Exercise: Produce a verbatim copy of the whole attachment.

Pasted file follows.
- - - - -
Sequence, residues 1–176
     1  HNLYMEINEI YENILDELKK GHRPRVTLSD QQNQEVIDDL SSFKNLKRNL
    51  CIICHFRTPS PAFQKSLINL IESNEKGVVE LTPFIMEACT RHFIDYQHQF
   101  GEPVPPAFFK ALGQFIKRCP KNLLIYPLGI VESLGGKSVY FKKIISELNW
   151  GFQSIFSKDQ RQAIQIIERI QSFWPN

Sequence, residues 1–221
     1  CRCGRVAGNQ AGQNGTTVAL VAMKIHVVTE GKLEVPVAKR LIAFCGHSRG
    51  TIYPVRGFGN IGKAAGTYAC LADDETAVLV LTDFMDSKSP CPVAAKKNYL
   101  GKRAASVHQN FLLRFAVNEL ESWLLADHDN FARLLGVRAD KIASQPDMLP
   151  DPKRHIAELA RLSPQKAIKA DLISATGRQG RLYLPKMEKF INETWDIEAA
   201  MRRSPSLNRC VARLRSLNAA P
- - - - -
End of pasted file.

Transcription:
Sequence, residues 1–176
     1  HNLYMEINEI YENILDELKK GHRPRVTLSD QQNQEVIDDL SSFKNLKRNL
    51  CIICHFRTPS PAFQKSLINL IESNEKGVVE LTPFIMEACT RHFIDYQHQF
   101  GEPVPPAFFK ALGQFIKRCP KNLLIYPLGI VESLGGKSVY FKKIISELNW
   151  GFQSIFSKDQ RQAIQIIERI QSFWPN

Sequence, residues 1–221
     1  CRCGRVAGNQ AGQNGTTVAL VAMKIHVVTE GKLEVPVAKR LIAFCGHSRG
    51  TIYPVRGFGN IGKAAGTYAC LADDETAVLV LTDFMDSKSP CPVAAKKNYL
   101  GKRAASVHQN FLLRFAVNEL ESWLLADHDN FARLLGVRAD KIASQPDMLP
   151  DPKRHIAELA RLSPQKAIKA DLISATGRQG RLYLPKMEKF INETWDIEAA
   201  MRRSPSLNRC VARLRSLNAA P